Saddam Hussein demonstrated repeatedly while in power was that he cared first and foremost about his own survival. He apparently recognized that any attempt to use WMDs against the United States or any of its allies would inevitably lead to his own destruction. This is why he did not use them during the 1991 Gulf War, even when attacked by the largest coalition of international forces against a single nation ever assembled and he still had chemical weapons and long-range missiles. (By contrast, prior to the Gulf War, Saddam was quite willing to utilize his arsenal of chemical weapons against Iranian forces because he knew the revolutionary Islamist regime was isolated internationally, and he was similarly willing to use them against Kurdish civilians because he knew they could not fight back.)

President Bush still raises the idea that if Saddam Hussein some day developed nuclear weapons or other weapons of mass destruction that he would “then let that weapon fall into the hands of a shadowy terrorist network.” There is no evidence that the Iraqi government ever even considered such a dangerous move, including the period when their contacts with terrorist groups and their WMD programs were at their peaks during the 1980s.

Saddam Hussein's leadership style has always been that of direct control; his distrust of subordinates (bordering on paranoia) was one of the ways he was able to hold on to power for so long. He would have been one of the last people to go to the risk and expense of developing weapons of mass destruction only to pass them on to some group of terrorists, particularly radical Islamists who could easily turn on him. When he had such weapons at his disposal, their use was clearly at his discretion alone.

At the time of the U.S. invasion last year, Iraq's armed forces were barely one-third their pre-Gulf War size. Iraq's navy was virtually nonexistent, and its air force was unable to even get off the ground to challenge U.S. forces. Military spending by Iraq has been estimated at barely one-tenth of what it was in the 1980s. The Bush Administration has been unable to explain why in 2003, when Saddam had only a tiny percentage of his once-formidable military capability, Iraq was considered such a threat that it was necessary to invade the country and replace its leader – the same leader Washington quietly supported during the peak of Iraq's military capability.

In his interview, President Bush claimed the policy of pre-emption demonstrated in Iraq has had positive repercussions elsewhere, citing Libya’s decision to ends its nascent WMD programs an open up to international inspections. However, Libyan dictator Muammar Qaddafi surely had observed that Iraq was invaded only after it had given up its WMD programs while North Korea, in reconstituting its nuclear weapons program, was not invaded. The Libyan decision, which was a result of a year-long series of diplomatic initiatives, seems to have come in spite of the U.S. invasion of Iraq, not because of it.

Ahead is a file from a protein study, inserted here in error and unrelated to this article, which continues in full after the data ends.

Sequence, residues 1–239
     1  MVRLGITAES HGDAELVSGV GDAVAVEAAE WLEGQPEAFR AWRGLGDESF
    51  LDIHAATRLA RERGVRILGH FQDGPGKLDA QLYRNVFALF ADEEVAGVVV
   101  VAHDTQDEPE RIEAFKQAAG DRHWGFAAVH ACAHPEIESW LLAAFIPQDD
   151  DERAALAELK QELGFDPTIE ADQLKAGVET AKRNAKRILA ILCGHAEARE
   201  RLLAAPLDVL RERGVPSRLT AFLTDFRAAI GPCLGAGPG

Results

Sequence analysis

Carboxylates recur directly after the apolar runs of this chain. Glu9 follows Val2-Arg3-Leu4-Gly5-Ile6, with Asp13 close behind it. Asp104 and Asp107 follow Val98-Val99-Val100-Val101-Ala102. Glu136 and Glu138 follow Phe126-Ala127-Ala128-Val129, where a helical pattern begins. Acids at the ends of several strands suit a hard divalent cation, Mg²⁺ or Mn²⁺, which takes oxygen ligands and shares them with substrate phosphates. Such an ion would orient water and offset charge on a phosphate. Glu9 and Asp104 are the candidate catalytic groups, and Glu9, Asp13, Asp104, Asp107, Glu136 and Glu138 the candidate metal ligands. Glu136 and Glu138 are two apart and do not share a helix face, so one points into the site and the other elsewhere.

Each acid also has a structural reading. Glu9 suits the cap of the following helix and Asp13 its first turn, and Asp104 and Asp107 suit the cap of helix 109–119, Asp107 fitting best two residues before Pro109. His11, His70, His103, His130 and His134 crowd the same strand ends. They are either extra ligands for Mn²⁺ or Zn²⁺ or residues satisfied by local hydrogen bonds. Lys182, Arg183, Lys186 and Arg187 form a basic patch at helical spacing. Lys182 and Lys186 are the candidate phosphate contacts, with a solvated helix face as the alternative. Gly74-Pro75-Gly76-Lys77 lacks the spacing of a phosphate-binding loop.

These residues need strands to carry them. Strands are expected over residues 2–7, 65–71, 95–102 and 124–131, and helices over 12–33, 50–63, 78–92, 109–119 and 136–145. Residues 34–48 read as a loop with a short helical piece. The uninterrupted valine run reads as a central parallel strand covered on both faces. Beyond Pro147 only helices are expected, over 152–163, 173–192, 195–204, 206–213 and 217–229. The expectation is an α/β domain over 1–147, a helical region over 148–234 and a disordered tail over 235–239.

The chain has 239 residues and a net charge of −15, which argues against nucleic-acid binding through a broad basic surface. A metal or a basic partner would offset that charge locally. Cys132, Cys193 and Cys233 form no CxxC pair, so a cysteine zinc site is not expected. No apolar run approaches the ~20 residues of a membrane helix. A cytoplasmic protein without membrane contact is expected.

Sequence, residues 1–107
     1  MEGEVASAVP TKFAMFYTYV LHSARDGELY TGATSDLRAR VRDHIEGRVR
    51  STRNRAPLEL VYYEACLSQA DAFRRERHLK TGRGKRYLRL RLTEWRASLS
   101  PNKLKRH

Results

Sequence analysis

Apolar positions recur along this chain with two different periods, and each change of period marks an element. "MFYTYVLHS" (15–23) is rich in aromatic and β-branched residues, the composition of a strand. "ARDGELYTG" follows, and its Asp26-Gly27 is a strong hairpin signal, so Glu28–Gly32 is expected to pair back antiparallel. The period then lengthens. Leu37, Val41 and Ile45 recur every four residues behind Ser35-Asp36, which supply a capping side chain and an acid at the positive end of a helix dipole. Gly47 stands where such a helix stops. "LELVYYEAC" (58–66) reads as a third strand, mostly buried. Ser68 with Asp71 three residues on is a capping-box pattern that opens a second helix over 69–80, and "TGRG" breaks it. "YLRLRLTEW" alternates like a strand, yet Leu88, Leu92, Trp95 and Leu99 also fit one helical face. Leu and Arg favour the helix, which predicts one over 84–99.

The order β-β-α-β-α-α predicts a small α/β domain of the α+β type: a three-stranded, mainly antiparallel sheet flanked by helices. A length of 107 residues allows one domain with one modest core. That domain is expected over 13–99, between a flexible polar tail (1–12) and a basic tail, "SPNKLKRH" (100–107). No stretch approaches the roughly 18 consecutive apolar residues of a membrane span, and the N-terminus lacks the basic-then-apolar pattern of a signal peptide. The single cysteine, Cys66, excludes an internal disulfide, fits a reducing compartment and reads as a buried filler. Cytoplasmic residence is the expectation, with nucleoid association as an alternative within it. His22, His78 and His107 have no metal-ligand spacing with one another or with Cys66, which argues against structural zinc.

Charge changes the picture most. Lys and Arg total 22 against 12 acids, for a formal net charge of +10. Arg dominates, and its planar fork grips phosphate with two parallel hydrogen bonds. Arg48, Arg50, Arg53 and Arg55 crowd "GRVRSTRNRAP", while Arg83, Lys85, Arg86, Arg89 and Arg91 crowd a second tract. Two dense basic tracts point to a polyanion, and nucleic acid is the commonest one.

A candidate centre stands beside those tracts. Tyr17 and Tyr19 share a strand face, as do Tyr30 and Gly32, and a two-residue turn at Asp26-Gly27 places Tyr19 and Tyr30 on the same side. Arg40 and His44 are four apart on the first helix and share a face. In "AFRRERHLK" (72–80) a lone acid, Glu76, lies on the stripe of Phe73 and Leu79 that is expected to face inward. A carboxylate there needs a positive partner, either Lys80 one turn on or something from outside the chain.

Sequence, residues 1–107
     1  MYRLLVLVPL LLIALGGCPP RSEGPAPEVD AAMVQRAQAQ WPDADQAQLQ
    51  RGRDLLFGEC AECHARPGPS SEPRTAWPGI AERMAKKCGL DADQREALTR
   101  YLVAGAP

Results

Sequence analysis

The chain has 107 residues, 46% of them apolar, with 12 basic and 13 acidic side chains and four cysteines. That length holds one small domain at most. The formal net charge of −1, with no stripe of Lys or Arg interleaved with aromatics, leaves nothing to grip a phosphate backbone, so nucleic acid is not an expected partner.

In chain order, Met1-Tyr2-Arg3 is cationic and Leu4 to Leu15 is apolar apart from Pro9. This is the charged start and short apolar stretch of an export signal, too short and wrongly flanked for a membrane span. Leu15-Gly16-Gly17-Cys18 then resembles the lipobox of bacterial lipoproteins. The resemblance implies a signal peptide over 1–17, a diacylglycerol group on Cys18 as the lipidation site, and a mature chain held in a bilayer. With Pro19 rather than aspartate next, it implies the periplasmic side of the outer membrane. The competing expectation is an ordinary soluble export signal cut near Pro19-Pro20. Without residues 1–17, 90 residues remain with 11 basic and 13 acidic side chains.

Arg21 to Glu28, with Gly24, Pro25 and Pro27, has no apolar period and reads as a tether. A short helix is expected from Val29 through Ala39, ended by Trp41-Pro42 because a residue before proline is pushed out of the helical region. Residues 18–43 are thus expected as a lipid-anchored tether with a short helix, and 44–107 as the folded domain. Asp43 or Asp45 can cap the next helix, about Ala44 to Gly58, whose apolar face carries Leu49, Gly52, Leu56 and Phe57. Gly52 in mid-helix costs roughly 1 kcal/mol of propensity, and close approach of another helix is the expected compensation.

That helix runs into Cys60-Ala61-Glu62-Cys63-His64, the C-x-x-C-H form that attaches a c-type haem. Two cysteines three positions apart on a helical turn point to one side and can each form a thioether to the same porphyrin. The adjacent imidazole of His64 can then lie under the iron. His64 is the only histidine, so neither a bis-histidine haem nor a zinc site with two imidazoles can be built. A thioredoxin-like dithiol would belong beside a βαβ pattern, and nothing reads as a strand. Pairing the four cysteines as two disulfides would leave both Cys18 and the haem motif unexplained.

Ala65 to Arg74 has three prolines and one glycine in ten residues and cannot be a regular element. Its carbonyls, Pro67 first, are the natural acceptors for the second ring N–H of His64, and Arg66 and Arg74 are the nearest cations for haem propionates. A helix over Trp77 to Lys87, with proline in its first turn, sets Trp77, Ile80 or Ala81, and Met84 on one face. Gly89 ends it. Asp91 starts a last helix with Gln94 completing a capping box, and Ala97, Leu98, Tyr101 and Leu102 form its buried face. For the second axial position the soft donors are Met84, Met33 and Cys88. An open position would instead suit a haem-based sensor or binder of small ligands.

Ironically, President Bush claimed that “we had run the diplomatic string in Iraq” at the time of the invasion while “We’re making good progress in North Korea.” The reality, of course, is that the UN-led diplomatic efforts had successfully eliminated Iraq’s WMD threat prior to the U.S. invasion while North Korea has broken its treaty commitments and is apparently now developing nuclear weapons. Furthermore, the Bush Administration refused to engage in any direct negotiations with Iraq prior to war, raising questions as to how the United States could have “run the diplomatic string.”

Finally, President Bush tried to claim that the United States, through its invasion and occupation of Iraq, would bring democracy to that country and thereby make the world safer, since “free societies are societies that don't develop weapons of mass terror.” This, unfortunately, is not true. The United States was the first society to develop nuclear weapons and the only country to actually use them. Great Britain, France, Israel and India are also considered free societies, yet they developed nuclear weapons as well.

Stephen Zunes is an associate professor of Politics and chair of the Peace & Justice Studies Program at the University of San Francisco. He serves as Middle East editor for the Foreign Policy in Focus Project and is the author of 'Tinderbox: U.S. Middle East Policy and the Roots of Terrorism' (Common Courage Press, 2003)